Movie Review: 'Spotlight' -- A Seamless Must See

Brilliant acting, pacing, script and economy make the true story Spotlight a well deserving whisper candidate for an Oscar. Spotlight is about the decades of sex crimes within the Catholic Church that were uncovered by the Boston Globe in 2002. It proves why the Globe won the Pulitzer Prize. Spotlight snores then trots to a gallop as it builds like stellar investigative reporting into an emotional pressure cooker of a finale. It is revealed that after a decades long cover up, one of the Cardinals who had been a chief molester of children in Boston had been elevated by the Catholic Church to a position of unscathed glorification in Rome. This fact horrified the screening audience as it applauded closing credits.

The cast of Spotlight is a tribute to fine ensemble acting. Michael Keaton (Birdman) plays Walter 'Robby' Robinson who heads the team of four reporters assigned to what is perceived initially by this team as a dull story. Keaton's acting is raw, genuine without mugging and an exercise in minimum use of energy to portray power of thought. The Boston Globe's Jewish editor, Marty Baron, is portrayed by Liev Schreiver (Ray Donovan) to investigate allegations of sexual abuse in one of the world's oldest and most trusted institutions. Schreiver is hard to recognize as his usual energy is tucked inside and a minimal, soft voiced mensch emerges as the boss whose gentle words have the impact of a bomb and his bearded persona adds to his gravitas.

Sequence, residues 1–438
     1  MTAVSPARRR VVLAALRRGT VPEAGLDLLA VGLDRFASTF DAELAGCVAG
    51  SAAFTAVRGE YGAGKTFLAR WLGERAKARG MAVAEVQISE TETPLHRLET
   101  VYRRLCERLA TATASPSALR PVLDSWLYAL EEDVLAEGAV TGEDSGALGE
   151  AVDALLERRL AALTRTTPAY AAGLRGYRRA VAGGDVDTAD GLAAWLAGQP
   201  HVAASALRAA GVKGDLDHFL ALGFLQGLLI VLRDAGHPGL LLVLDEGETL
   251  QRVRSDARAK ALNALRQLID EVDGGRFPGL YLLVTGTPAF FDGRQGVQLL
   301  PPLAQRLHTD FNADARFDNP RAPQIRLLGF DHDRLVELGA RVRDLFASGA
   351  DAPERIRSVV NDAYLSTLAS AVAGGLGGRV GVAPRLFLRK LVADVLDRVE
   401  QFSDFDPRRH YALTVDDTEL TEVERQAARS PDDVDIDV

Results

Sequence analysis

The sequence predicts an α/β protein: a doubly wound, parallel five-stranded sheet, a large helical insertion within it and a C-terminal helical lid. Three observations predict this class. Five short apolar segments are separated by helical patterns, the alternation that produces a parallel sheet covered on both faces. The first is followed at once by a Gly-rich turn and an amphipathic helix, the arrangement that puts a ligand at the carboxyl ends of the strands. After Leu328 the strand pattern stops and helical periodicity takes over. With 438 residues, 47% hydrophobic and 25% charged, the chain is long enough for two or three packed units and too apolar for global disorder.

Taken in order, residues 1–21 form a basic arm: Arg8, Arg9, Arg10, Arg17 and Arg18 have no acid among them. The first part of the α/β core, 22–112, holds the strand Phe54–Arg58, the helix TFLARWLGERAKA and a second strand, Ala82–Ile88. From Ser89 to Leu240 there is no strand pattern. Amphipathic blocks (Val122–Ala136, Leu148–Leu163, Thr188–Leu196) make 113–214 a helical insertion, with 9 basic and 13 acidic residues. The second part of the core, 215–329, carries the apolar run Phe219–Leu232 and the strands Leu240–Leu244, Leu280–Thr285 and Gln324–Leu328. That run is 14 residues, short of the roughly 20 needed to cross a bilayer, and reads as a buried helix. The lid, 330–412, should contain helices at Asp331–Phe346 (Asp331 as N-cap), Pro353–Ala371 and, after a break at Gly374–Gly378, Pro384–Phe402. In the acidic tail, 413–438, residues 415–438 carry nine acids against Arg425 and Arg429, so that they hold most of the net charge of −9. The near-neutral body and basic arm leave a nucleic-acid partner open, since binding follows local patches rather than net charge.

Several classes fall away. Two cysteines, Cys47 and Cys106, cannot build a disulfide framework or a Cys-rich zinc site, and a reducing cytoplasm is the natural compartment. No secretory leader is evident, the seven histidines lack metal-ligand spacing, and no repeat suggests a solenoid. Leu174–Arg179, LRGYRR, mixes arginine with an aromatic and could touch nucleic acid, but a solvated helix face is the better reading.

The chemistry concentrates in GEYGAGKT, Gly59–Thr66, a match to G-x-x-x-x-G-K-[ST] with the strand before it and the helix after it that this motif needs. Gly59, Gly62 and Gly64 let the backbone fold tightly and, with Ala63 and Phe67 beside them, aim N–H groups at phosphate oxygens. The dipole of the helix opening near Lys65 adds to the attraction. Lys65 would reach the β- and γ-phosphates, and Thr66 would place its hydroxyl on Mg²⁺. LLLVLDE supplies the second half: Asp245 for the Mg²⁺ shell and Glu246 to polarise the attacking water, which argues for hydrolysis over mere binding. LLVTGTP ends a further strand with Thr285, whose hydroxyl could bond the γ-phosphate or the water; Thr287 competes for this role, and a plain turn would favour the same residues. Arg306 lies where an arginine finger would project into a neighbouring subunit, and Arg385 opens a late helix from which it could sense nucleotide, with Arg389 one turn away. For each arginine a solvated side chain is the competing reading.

Mark Ruffalo (Foxcatcher) as Mike Rezendes showed the most transformation as he was so deeply rooted in his character that he was barely discernible. His performance is riveting. Rachel McAdams (True Detective) portrays Sacha Pfeiffer in a thankless role. Her talents are left unnoticed while Stanley Tucci (The Hunger Games) as Mitchell Garabedian again gives a dynamic portrayal of the lawyer who represented the many victims who were ignored and silenced by the Catholic Church and the media until the Boston Globe's Spotlight team began its tenacious investigation which led to exposing worldwide corruption. John Slattery (Mad Men) as Ben Bradlee Jr again gives a vital energetic performance which drives the film. While Brian d'Arcy James (Law and Order SVU) as reporter Matt Carroll rounds out the newsroom.

Academy Award nominee Tom Mc Carthy does a superlative job in directing the understated by allowing the fine acting and script do their magic. The sets are bland and boring as only a newsroom can be which allows the drama to be the focus. The camera work also is without tricks and the sound track emphasizes this thriller at just the right moments. Mc Carthy also wrote Spotlight along with Josh Singer.
Don't miss Spotlight for an exciting night at the movies and you will cheer its filmmakers and the Boston Globe for their Oscar worthy balls!